In God of Earth I use the word “God” a lot, but sheesh sometimes a person just needs the respite of a decent pronoun or two. Alas, we’ve nothing that quite works. There is no gender-neutral pronoun in English. We’ve got “him” and “her,” “she” and “he.” I guess we’ve also got “it”; but wow, how impersonal for a biblically personal God is that? Finally, I simply toggled between the masculine and feminine. Readers are smart. I figure they’ll figure it out. Nevertheless, using any (gender-specific) pronoun for God always leaves me a bit unsettled.

Some of you may rightly protest: But the (original) Hebrew uses masculine pronouns! Yes, yes it does. Consider for a moment, however, a couple of additional things: Like English, Hebrew has no neuter pronoun. When referring to mixed company, Hebrew defaults to the masculine version. Consider also that the Hebrew Bible (pretty much all of it, even over the many centuries of its composition and collection) comes out of a patriarchal context. Power, authority… We’re going with God-the-guy, those ancient folks might say.

But notice how right here at the outset of the Bible, whoever came up with Genesis One made perfectly clear that God is neither one sex or another but is all of that. Which, when you think about it, makes sense. We’re talking about God here right? Limitless, anyone? (Still, I find it rather incredible, and have to hand it those responsible for the Bible’s opener given their context and everything, that we see such blatant sexual both-and-ness in God here. Wow.)

Yeah, themoji smiley face halo 3392edca1d4b41a67511b2595585d35de Emoji Bible introduces a bunch of translation problems, and the haloed smiley-face comes with a few of its own. But that little golden sphere with the universal smile just pulverized one of the most enduring problems of Bible translating… without breaking a smiley-face-with-blue-drop-on-left-brow (sweat).

This blog piece first appeared on The Huffington Post.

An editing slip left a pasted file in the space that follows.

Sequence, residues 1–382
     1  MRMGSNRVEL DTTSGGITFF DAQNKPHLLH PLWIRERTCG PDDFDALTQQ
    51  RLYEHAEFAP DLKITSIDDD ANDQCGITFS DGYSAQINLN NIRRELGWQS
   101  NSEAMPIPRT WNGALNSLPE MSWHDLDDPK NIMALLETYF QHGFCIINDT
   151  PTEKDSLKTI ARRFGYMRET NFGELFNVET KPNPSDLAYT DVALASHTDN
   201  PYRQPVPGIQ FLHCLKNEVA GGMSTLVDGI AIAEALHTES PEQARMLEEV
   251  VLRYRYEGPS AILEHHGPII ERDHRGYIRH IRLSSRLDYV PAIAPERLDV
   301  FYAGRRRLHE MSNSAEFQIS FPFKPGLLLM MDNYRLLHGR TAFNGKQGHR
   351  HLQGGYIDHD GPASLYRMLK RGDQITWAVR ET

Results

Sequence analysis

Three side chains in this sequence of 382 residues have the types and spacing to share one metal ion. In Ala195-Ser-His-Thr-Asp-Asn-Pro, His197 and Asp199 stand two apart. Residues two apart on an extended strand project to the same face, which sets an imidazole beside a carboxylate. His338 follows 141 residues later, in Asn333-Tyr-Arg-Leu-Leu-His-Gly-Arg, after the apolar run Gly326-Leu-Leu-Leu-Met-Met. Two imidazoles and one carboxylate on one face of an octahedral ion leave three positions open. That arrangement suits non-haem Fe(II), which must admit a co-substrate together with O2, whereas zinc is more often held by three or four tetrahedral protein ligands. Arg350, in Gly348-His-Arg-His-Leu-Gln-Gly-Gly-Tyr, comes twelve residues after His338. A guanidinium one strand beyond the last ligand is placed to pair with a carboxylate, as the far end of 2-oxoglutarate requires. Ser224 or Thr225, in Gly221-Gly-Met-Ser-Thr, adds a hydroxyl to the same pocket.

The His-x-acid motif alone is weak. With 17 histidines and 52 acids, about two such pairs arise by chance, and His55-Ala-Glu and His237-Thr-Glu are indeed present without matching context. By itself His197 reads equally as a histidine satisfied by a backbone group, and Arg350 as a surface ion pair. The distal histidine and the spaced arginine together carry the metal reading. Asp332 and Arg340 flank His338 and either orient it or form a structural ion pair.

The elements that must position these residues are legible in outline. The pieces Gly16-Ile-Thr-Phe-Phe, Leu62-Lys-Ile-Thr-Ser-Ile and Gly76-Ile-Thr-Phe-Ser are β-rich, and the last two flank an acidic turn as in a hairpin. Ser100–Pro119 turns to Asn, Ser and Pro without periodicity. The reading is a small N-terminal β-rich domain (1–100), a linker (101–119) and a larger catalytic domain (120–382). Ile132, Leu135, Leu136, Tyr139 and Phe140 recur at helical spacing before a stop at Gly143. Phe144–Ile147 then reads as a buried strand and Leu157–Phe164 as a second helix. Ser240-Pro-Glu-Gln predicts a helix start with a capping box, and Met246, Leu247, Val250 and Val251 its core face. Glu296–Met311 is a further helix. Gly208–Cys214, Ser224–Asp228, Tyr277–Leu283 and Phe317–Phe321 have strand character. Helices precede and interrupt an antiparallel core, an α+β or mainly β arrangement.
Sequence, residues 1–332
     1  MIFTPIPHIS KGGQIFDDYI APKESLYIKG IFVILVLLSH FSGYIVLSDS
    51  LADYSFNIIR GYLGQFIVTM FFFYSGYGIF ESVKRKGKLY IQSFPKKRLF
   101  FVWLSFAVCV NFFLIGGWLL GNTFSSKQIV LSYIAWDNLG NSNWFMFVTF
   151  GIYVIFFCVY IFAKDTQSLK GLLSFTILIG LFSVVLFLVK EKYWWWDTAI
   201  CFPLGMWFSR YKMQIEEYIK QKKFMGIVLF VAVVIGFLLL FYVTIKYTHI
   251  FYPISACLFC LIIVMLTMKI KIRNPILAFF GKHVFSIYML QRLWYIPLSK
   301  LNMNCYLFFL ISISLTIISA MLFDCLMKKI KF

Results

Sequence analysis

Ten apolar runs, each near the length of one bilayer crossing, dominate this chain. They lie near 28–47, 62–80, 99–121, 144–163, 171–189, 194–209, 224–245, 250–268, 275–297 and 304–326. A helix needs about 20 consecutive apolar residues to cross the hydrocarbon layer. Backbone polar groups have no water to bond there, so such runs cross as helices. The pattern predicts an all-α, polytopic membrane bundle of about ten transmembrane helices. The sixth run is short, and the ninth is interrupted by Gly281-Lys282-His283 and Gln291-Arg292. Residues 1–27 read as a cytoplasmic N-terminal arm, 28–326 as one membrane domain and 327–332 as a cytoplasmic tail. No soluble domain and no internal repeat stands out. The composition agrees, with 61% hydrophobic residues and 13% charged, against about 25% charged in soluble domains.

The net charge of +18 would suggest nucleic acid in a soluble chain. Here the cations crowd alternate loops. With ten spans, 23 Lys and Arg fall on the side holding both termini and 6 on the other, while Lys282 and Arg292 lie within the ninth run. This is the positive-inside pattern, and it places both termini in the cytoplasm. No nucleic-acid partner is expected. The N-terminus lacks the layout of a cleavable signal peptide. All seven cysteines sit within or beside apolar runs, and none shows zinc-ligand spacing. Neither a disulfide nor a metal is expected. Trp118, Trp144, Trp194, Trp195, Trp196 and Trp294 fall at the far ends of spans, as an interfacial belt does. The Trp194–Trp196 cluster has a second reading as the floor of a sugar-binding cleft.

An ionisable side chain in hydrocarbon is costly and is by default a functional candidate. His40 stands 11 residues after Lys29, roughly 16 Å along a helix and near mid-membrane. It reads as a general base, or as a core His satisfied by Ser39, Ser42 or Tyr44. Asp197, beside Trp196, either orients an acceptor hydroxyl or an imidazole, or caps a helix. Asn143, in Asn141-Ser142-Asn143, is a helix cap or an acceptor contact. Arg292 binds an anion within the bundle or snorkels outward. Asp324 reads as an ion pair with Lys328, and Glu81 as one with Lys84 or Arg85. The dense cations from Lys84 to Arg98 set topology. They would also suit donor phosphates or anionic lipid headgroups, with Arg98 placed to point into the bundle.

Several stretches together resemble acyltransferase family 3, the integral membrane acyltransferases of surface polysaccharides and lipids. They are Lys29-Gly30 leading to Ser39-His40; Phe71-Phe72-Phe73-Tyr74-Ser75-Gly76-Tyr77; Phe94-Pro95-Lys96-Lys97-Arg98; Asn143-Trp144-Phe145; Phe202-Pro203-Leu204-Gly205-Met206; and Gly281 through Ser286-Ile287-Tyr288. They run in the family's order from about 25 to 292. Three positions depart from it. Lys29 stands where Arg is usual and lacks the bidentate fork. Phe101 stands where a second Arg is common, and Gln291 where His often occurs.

Comments

  1. In high school, Kristen, I wondered how God could be male if in fact there were no female counterpart, and — Genesis being filled with oddities and absurdities — if being made in his image implied that he had male reproductive organs, even if they would languish unused and (I’m not trying to be provocative) unmotivated for all eternity. I was taught that the development of monotheism was a glorious stage in human progress, although the only evidence offered was that it brought humanity out of ignorance (because “there is only one God),” which is of course circular logic. I came to the belief that in fact monotheism was a major step backwards, in part — but only in part — because that allowed men to decide that God was male. You know better than I do, Kristin, all of the grief imposed on women since then. As for translation and all of the misunderstandings inherent in a belief in “the infallible word of God” as translated by fallible humans, I am reminded that the great Biblical scholar and translator Robert Alter mentioned in one of his fascinating footnotes that one particular word appeared only once in surviving Biblical Hebrew, leaving him and every other translator to use their imagination rather more than literalists might like.